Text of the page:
Can I delay the implementation of an approved accommodation?

Normally, approved accommodations must be implemented from the moment that notification is given to a faculty member. A reasonable period may be allowed for making adjustments, such as to a classroom exam schedule, or negotiating modifications to the accommodation in light of course requirements. But any further delay in the implementation of an accommodation can constitute a form of discrimination against the student. 

If a student with an approved accommodation performs poorly on class assignments, should I reconsider how I grade the work for this student? 

A student with a disability is to be evaluated in the same way that other students are in the same course. If an accommodation ought to be adjusted to equalize a disabled student’s opportunities for learning, the professor should contact the Office of Accessibility Resources. Otherwise, the instructor should discuss their concerns about a disabled student’s performance with that student, just as they would with any other student in the course.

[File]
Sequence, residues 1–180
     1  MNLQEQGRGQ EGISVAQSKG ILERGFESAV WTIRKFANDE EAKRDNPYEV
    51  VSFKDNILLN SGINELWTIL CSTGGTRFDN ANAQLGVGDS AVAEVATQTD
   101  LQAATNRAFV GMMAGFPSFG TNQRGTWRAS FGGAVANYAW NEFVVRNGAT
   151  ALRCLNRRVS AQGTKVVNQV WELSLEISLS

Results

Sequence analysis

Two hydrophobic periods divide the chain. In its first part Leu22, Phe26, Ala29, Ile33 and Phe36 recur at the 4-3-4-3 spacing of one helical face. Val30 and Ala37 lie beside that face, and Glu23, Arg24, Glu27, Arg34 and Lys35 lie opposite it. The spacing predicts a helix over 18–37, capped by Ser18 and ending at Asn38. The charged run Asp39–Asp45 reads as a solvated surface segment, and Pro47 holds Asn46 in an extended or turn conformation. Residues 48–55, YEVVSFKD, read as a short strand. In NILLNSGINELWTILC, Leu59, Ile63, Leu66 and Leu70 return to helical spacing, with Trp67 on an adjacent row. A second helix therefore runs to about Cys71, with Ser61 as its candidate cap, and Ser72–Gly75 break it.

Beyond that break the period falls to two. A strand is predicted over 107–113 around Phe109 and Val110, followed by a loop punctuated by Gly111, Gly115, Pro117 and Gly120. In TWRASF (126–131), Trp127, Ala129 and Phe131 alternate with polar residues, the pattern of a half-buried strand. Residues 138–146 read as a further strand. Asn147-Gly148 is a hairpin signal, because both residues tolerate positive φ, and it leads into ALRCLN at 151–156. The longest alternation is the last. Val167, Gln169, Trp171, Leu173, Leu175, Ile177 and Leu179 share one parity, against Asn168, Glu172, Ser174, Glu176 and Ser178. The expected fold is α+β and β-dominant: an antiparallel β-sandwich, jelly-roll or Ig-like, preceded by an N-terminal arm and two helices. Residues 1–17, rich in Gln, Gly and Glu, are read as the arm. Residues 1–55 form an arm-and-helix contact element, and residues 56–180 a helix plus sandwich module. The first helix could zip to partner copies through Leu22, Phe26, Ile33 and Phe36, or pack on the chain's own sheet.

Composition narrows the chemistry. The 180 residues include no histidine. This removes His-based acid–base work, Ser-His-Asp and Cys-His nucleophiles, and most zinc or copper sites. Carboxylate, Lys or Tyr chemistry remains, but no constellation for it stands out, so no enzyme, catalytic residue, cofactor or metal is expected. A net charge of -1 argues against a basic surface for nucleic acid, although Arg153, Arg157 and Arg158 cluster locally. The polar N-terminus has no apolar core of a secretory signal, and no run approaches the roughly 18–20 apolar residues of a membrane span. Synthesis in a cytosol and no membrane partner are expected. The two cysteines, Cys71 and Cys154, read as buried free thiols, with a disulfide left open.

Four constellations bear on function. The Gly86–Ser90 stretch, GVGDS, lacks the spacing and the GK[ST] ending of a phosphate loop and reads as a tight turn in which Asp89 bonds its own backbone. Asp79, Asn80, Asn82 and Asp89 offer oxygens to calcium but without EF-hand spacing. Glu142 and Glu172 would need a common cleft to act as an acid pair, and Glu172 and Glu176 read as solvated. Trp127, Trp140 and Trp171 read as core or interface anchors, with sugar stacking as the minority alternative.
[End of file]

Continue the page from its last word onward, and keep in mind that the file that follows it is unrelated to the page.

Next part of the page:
Do approved accommodations apply to student studying on Carleton off-campus programs?

Yes. Accommodations at Carleton travel with the student on a Carleton OCS program. Implementing the approved accommodation pertains to both Carleton faculty and any other instructors, including foreign nationals, who are hired by the College to teach Carleton students. For non-Carleton programs, faculty and advisers should consult with the OCS office for further guidance.